When I sit down to do interviews with the world media I am consistently asked by South African journalists whether I am aware of the cultural boycott of Swaziland by the SSN (Swaziland Solidarity Network, based in Johannesburg). "Um, no," I say, and ask for the lowdown. Turns out that some people believe that the way to bring about change in the statistical conditions of Swaziland, and the apparent corruption in the government, is by artists refusing to perform there. Yikes. Well, having seen the economic breakdown of how the Bushfire Festival effects the Swazi economy, employing about 700 people, and the proceeds going to AIDS orphans, I thought, well, the festival is not run by the king or his government, rather by a man named Jiggs and hopefully the financial report I read was legit. Later I found Jiggs and the festival's response.
It's no fun entering the shaky political zone of a region, obliviously. The simple act of agreeing to play at a festival where food, travel, lodging is provided could sometimes land you in a world of strange alliances. But one thing is clear, the people I met were beautiful and sincere. The dialogue I had with students, poets, activists, journalists, was smart, determined, forthright, strategic. I met wonderful people and then had the opportunity of sharing my perspective onstage.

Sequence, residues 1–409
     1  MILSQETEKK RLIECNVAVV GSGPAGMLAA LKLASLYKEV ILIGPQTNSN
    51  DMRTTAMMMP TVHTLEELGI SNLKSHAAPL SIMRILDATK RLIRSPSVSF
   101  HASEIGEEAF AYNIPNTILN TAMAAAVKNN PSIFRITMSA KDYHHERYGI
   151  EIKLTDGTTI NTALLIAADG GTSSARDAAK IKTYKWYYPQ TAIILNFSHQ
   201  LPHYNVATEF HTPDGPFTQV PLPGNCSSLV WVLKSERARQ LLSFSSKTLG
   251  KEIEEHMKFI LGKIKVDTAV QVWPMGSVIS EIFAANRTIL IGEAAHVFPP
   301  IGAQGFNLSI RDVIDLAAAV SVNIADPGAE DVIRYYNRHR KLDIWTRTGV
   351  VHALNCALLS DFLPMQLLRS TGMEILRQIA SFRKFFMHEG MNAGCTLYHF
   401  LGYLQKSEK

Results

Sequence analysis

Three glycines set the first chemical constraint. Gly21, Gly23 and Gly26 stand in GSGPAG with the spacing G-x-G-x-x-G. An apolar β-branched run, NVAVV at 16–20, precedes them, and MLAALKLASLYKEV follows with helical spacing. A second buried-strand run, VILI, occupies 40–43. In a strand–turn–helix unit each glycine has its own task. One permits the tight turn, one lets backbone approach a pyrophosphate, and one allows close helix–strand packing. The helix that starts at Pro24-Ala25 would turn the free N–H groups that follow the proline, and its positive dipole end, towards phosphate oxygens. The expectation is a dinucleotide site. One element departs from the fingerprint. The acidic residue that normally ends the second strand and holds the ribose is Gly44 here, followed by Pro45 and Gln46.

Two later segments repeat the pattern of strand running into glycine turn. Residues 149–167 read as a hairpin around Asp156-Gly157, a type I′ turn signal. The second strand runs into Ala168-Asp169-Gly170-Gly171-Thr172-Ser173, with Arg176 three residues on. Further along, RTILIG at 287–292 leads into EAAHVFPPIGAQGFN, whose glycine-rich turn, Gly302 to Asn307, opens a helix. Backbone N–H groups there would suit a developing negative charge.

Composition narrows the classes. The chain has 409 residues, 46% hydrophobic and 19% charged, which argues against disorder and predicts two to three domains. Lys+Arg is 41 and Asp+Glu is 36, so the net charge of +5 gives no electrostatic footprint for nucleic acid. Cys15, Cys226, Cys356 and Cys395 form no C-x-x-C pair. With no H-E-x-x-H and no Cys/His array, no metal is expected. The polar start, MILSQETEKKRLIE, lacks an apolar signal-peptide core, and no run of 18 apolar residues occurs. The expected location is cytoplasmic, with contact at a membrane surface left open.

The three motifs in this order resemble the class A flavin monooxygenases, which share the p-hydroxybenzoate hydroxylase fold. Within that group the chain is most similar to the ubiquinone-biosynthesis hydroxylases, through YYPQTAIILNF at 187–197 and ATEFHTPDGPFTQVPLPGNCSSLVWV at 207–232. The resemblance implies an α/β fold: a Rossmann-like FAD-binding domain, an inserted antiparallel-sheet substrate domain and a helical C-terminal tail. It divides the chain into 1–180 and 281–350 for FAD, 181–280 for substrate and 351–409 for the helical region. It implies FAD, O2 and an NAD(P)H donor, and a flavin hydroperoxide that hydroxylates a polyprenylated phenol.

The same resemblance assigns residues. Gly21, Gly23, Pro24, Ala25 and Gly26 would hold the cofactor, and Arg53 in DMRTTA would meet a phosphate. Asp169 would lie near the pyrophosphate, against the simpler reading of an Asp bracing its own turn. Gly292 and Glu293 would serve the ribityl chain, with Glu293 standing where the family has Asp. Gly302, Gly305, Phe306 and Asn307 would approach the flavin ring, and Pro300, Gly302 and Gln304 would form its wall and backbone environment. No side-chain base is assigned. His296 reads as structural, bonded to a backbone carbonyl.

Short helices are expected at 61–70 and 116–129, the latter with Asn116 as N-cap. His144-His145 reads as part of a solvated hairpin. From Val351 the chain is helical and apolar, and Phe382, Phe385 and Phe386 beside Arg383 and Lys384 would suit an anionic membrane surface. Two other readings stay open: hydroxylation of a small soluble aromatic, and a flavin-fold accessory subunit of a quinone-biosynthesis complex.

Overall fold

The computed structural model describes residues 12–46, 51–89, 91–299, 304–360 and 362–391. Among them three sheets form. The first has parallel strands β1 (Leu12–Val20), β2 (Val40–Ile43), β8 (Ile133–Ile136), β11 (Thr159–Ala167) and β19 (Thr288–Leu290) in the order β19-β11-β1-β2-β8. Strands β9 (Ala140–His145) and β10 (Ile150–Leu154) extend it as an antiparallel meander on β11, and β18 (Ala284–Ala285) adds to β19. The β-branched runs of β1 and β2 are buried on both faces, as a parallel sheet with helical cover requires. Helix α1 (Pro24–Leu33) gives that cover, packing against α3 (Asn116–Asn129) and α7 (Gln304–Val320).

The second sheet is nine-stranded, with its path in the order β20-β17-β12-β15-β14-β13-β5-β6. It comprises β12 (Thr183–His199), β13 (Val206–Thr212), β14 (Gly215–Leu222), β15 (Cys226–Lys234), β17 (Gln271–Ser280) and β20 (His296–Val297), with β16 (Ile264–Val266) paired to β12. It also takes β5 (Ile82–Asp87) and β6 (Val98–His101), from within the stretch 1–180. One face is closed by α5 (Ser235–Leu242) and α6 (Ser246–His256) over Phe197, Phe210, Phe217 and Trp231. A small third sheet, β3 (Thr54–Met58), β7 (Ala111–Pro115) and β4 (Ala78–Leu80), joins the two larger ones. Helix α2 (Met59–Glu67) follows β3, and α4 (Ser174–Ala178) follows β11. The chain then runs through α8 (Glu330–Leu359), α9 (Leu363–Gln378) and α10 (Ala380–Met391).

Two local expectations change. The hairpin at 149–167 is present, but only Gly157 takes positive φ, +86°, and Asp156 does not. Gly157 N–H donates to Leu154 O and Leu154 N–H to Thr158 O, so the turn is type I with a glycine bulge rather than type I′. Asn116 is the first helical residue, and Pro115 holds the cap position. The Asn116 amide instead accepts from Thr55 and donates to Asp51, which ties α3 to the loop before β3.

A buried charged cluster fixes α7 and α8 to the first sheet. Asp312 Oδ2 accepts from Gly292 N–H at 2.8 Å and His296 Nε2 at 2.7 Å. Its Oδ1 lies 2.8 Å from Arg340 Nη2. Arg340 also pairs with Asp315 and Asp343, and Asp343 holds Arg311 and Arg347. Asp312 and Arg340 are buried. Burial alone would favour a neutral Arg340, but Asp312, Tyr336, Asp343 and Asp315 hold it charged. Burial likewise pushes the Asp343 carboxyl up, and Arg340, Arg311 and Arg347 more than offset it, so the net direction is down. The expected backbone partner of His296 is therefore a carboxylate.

To be honest, I was nervous. The people behind the programming handed me condoms before I went onstage asking me to hand them out and make an announcement about AIDS testing onsite during my performance. I couldn't escape the idea of being an American outsider coming to a foreign land, standing on a pedestal or stage and telling people, in their homeland, what they should be doing. If I feel comfortable giving instruction, it is more simply done in America with people whose culture and customs I share. Yet, the plight of Swaziland and other impoverished nations is something that we all share: The collective fate of humanity. It's a complex equation full of simple solutions, yet privilege and narcissism are blinding, airplane tickets are expensive, and we've all got our own problems.
The Palestinian poet Mahmoud Darwish said that poets often think they can change everything, but truly the only thing that poetry changes is the poet. Hmmm. It's true that I've seen a lot and have been affected greatly by what I've seen. What I'd like to see is more people visiting places like Swaziland where statistics paint pictures that do not speak of the warmth and generosity of the people. We may go to these places thinking we have something to teach, but more often than not we come back having realized that we have much to learn.
Written by Saul Williams
Originally published on Spinner.com
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Official Photographers - Bram Lanmers and Sydelle Willow-Smith